According to law enforcement officers' latest monthly report to the home ministry, 557 murders were committed across the country between September and October this year.
The report added that 287 murders took place in October, compared to 270 in September, indicating that killings have increased despite the ongoing Covid-19 crisis.
Submitted on 29 November, the report also points out that despite the recent imposition of the death penalty, 913 rapes were reported in October, an increase from 651 in September.
However, only one encounter took place between September and October. Law enforcement mentioned no encounters in September, and a lone incident in the Rajbari area in October.
Domestic violence against women has also spiked, as 1,903 cases were reported in October, an increase from 1,621 in September. The report mentions that compared to April and May this year, incidents of rape and domestic violence against women have increased in recent months.
The report further mentions that activities of teenage gangs in Dhaka, Chattogram, and Barisal metropolitan areas have gone up, contributing to the increase in murders, rapes and violence against women.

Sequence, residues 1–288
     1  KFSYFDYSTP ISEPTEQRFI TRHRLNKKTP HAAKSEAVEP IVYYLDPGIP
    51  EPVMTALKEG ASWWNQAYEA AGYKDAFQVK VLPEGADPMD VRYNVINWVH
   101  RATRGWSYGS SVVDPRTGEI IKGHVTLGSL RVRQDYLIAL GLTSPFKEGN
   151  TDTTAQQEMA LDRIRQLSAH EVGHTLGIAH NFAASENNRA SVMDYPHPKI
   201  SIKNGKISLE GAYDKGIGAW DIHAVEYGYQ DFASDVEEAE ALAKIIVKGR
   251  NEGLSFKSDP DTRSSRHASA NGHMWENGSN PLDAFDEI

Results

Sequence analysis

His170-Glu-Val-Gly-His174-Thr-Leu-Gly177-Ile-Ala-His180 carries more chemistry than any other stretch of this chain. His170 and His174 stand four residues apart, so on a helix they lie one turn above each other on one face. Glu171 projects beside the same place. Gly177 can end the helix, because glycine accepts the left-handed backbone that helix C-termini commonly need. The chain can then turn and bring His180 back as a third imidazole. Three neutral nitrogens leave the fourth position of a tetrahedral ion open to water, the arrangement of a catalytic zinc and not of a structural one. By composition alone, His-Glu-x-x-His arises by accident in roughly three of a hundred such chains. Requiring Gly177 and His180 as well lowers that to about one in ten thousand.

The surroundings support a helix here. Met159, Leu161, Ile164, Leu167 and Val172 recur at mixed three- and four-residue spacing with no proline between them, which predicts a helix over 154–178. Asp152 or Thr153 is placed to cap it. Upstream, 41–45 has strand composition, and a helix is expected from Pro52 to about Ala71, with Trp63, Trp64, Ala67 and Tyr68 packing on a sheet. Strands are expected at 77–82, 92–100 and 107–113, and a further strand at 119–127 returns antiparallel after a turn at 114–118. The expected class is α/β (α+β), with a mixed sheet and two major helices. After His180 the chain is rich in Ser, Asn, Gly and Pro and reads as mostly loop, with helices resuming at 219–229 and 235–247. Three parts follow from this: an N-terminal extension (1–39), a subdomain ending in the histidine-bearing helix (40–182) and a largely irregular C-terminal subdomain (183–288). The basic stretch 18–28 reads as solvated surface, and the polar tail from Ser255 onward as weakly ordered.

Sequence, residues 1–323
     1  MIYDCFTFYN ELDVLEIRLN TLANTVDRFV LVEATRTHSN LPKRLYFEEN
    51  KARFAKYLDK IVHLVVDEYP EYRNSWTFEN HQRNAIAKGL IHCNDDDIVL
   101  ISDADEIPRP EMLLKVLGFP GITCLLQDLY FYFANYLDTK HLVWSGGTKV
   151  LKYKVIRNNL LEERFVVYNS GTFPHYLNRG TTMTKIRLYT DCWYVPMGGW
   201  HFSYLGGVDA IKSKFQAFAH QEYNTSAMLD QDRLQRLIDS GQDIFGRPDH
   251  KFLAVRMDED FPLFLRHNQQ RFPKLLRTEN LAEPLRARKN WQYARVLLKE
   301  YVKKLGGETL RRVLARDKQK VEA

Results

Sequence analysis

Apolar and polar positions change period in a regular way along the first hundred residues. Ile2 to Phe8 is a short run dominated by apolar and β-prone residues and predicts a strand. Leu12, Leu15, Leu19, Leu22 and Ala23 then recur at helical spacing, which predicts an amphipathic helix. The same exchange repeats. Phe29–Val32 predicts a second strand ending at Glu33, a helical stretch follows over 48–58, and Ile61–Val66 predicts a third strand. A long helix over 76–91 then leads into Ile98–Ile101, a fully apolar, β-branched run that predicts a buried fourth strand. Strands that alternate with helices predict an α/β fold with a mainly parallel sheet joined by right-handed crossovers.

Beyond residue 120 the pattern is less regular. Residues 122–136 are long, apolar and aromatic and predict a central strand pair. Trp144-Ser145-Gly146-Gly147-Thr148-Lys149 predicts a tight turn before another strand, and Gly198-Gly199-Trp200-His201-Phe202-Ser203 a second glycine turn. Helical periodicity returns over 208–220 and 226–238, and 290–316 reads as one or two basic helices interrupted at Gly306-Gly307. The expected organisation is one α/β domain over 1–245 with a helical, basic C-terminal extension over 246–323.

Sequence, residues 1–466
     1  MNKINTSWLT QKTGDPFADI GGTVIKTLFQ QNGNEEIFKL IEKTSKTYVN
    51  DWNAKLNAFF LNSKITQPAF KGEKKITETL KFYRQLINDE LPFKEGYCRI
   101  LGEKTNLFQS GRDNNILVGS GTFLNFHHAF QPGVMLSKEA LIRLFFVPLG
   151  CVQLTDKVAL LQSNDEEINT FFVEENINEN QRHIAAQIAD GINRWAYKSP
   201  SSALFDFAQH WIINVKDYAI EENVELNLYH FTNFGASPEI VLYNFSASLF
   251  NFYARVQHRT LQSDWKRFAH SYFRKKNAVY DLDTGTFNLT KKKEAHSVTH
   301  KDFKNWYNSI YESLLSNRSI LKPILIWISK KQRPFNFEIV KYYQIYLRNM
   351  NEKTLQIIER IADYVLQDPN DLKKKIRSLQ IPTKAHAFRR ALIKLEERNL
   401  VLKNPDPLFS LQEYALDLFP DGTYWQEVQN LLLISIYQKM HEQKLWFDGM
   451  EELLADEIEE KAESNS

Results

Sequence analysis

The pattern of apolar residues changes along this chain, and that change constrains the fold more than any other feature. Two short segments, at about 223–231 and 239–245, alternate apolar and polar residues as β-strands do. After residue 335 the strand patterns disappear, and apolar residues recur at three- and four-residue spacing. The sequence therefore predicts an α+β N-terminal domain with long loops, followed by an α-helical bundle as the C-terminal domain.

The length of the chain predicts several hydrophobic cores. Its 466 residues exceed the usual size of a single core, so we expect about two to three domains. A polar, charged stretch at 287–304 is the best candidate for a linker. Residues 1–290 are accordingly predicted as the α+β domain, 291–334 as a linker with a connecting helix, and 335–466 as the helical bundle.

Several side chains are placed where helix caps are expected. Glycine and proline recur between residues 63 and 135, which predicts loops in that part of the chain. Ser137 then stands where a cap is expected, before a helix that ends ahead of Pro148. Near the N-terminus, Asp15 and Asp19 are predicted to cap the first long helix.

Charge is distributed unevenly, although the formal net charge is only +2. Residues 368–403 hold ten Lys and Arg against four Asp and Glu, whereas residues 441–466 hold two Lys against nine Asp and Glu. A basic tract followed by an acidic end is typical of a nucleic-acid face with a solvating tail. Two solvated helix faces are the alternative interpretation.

The law enforcement agencies recommended stepping up surveillance and putting more effort into making arrests if any crimes are reported. They also recommended conducting raids against militants and other quarters that are actively trying to create unrest.
Despite repeated attempts to reach police headquarters, no comment on the matter was received till the filing of this report.
Speaking to The Business Standard, former inspector general of police AKM Shahidul Haque said, "Many have lost their jobs and sources of income as a result of the Covid-19 pandemic. Under such circumstances, crimes, such as murders, have increased."
Many have lost their jobs and sources of income as a result of the Covid-19 pandemic. Under such circumstances, crimes, such as murders, have increased
Commenting on the decrease in encounters, he said, "Personally, I do not support crossfires. Encounters have dropped since the murder of retired Army Major Sinha Md Rashed Khan, as the police are now more cautious.
Responding to a query, Nur Khan Liton, general secretary of rights body Ain O Salish Kendra (ASK) said, "The number of crossfires has dropped since the July 31 murder of retired Army Major Sinha Md Rashed Khan.
"But the overall human rights situation in the country has not improved. Incidents such as custodial deaths, murders, rapes and domestic violence have gone up in the last few months."
ASK data shows that between January and October this year, 57 people died while in custody of various law enforcement agencies, adding that 293 people died in custody in the last three years.